Instead of taking part in a graduation ceremony Saturday with thousands of other University of Nebraska-Lincoln students, I will be watching from the living room of my parents’ home in Lincoln.

I’ll be wearing a red dress to represent my Husker spirit. Only my parents and a fellow graduate from Indonesia, who has no family with her because her parents’ flight was canceled, will be present. They will stand by me as I watch UNL Chancellor Ronnie Green on TV.

The day I dreamed about five years ago, when I enrolled at UNL, will be much different.

After the novel coronavirus made its way to Nebraska, our lives have moved indoors, including such once-in-a-lifetime celebrations as a college graduation. The virus also has pushed the pause button on jobs and futures for young people like me.

Most of the post-graduation internships and jobs for which I applied were put on hold.

After months of applying, I finally landed a position with an e-commerce company, which wasn’t what I imagined with my new degree in journalism, advertising and public relations. However, the job opportunity, along with this virtual college graduation, will be an exciting new chapter in my life.

The graduation represents my American Dream: My chance to achieve higher education and a better opportunity in life.

I am the second in my family to attend college and the first to graduate from an American university. My mother graduated from college in our home country, Indonesia, with a bachelor’s degree in education. But she always told me that I could go so much farther in life if I received an education in the United States.

It doesn’t seem like that long ago when I sat in my first American classroom learning English. I was 12. I had come to the United States in the summer of 2009 from the hustle-bustle of congested Jakarta, Indonesia, a city of 9.6 million people. I ended up in a cozy suburb of Lincoln, where I moved in with my mother and her new family.

Suburbia seemed foreign to me, with the unknown language, customs and people I barely could call friends.

As a newcomer, I spoke almost no English. This held me back from relating to people my age in middle school or keeping up with my classes. I barely remember who sat with me at lunch in middle school, but I’ve never forgotten the loneliness or the exclusion or when someone made fun of my not-so-perfect grammar or accent.

Knowing English seemed like a way for me to get out. I wanted to be able to connect with others and to feel like I belonged. I wanted to be able to call this place home.

I dedicated my middle school years to learning a new language. I started flipping through pages of the English dictionary and carried a little notebook to write down every word I did not know.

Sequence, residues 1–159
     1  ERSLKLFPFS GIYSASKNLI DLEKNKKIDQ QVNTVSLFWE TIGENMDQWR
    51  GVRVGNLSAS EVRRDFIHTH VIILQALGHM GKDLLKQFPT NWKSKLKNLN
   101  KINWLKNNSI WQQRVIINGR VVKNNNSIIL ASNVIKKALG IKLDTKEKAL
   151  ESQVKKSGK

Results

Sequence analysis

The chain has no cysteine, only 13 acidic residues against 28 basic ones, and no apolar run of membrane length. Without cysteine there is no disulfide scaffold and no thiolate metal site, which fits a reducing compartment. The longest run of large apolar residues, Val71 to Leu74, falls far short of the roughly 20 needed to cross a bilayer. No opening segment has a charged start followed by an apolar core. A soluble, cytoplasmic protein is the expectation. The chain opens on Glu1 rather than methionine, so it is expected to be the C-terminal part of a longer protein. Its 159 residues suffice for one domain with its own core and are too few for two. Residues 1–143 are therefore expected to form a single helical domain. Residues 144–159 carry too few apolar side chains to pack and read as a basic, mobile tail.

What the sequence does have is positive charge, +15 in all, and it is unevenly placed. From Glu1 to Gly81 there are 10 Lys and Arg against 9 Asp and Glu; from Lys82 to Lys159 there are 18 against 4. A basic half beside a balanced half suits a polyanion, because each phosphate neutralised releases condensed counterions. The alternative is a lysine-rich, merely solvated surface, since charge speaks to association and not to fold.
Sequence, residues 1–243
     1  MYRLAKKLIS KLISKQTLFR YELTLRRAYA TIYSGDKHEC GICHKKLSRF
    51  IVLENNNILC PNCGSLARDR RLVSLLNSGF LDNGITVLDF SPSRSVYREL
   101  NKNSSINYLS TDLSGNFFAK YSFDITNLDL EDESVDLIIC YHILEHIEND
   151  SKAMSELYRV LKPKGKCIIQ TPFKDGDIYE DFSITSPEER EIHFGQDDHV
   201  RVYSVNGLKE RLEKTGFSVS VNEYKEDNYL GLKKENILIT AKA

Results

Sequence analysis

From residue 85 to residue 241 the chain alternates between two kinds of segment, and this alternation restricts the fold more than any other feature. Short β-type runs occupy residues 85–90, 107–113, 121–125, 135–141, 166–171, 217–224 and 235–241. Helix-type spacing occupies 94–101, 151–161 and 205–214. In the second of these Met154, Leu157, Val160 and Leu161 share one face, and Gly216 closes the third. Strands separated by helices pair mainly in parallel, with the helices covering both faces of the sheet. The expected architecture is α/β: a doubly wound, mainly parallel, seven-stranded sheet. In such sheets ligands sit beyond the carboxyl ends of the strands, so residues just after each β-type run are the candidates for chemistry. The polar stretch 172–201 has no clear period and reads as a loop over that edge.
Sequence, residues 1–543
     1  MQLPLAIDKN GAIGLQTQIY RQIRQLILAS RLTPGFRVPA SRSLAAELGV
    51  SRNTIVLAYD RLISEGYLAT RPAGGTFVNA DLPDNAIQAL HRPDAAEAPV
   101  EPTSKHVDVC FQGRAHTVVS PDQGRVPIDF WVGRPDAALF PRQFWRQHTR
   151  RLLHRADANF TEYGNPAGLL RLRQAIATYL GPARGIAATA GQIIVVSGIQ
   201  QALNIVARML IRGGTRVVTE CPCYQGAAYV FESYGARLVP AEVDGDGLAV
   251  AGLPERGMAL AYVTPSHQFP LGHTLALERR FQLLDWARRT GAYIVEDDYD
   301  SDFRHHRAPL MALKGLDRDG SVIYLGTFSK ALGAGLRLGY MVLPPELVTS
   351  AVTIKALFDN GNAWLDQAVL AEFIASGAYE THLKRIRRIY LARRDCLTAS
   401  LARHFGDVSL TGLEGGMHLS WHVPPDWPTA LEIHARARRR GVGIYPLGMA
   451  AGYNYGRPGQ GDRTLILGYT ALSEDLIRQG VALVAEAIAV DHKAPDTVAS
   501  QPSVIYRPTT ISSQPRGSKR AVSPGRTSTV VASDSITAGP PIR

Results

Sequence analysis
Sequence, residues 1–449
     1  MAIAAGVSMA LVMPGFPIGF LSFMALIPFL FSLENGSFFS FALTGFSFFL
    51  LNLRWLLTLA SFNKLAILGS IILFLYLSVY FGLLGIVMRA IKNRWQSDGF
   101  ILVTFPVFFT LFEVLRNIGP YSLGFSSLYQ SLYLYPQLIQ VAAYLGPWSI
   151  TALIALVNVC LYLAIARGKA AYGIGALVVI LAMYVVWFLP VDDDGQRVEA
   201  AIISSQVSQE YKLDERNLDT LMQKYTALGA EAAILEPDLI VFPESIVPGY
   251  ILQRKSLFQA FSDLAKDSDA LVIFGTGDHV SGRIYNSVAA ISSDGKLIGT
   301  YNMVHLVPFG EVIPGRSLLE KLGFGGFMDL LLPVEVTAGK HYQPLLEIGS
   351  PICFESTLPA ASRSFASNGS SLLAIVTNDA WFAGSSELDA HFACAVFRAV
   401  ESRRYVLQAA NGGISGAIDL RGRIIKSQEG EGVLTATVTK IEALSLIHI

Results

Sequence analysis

The more words I translated, the faster I could read and write. At some point, it all clicked. I learned English so well that I wrote for my high school newspaper, Lincoln East’s Oracle.

In 2015 at Pinnacle Bank Arena, I graduated from high school, wearing a blue cap and gown. I hugged my classmates and looked out at a crowd of proud parents, including mine, who smiled and took photos of their children walking across the stage.

When I got into UNL, I wondered if I should pursue journalism, a language-based major. But I jumped into it, and it led me to working at The World-Herald and getting thrown into difficult reporting assignments. When I first saw my byline on a section-front story, I felt like I belonged here.

My hard work helped me accomplish my goals, and graduation is the symbol of that.

Although Saturday won’t look like we all hoped it would, it still marks an important milestone.

I miss my native Indonesia, but I feel blessed to be in Nebraska, a place I now call home. I have learned a lot here in the state of prairie grass and cornfields, where people will always lend a hand to support each other.

I’ve witnessed how the Nebraska community still helps one another, whether it’s health care workers sacrificing their time and safety, a local business producing hand sanitizer or local residents sewing masks for hospitals that had supply shortages.

After living in Nebraska for a decade, I’ve learned that success is more than just about hard work — it’s also about uplifting one another. When I face disappointments and unexpected changes, I have to continue to work hard, moving forward and giving back.

And that’s the best lesson I will carry as I head into an uncertain future.

Mia Azizah is graduating Saturday from the University of Nebraska-Lincoln with a major in journalism, advertising and public relations. She has been a reporting fellow at the Omaha World-Herald since January.

sazizah@owh.com, 402-444-1042

twitter.com/@mia_azizah11

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